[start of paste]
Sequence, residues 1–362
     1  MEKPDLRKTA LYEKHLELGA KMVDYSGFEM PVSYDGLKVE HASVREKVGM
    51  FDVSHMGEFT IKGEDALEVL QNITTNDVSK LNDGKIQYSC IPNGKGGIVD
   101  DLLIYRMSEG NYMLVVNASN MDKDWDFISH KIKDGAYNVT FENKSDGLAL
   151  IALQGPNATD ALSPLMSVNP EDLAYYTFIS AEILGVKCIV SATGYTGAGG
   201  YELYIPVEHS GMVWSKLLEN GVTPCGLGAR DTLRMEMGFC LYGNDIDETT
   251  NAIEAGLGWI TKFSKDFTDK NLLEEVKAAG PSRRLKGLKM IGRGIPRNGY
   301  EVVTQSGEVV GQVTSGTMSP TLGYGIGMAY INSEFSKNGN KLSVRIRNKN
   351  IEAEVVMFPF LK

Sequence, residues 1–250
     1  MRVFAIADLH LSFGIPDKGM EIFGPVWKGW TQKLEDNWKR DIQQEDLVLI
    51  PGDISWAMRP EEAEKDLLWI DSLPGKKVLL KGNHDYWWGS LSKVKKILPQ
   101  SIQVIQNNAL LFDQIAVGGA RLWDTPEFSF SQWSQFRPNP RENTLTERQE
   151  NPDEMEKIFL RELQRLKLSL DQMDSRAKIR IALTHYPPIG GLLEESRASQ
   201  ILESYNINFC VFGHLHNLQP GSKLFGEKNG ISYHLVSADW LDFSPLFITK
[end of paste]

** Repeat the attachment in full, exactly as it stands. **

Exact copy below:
Sequence, residues 1–362
     1  MEKPDLRKTA LYEKHLELGA KMVDYSGFEM PVSYDGLKVE HASVREKVGM
    51  FDVSHMGEFT IKGEDALEVL QNITTNDVSK LNDGKIQYSC IPNGKGGIVD
   101  DLLIYRMSEG NYMLVVNASN MDKDWDFISH KIKDGAYNVT FENKSDGLAL
   151  IALQGPNATD ALSPLMSVNP EDLAYYTFIS AEILGVKCIV SATGYTGAGG
   201  YELYIPVEHS GMVWSKLLEN GVTPCGLGAR DTLRMEMGFC LYGNDIDETT
   251  NAIEAGLGWI TKFSKDFTDK NLLEEVKAAG PSRRLKGLKM IGRGIPRNGY
   301  EVVTQSGEVV GQVTSGTMSP TLGYGIGMAY INSEFSKNGN KLSVRIRNKN
   351  IEAEVVMFPF LK

Sequence, residues 1–250
     1  MRVFAIADLH LSFGIPDKGM EIFGPVWKGW TQKLEDNWKR DIQQEDLVLI
    51  PGDISWAMRP EEAEKDLLWI DSLPGKKVLL KGNHDYWWGS LSKVKKILPQ
   101  SIQVIQNNAL LFDQIAVGGA RLWDTPEFSF SQWSQFRPNP RENTLTERQE
   151  NPDEMEKIFL RELQRLKLSL DQMDSRAKIR IALTHYPPIG GLLEESRASQ
   201  ILESYNINFC VFGHLHNLQP GSKLFGEKNG ISYHLVSADW LDFSPLFITK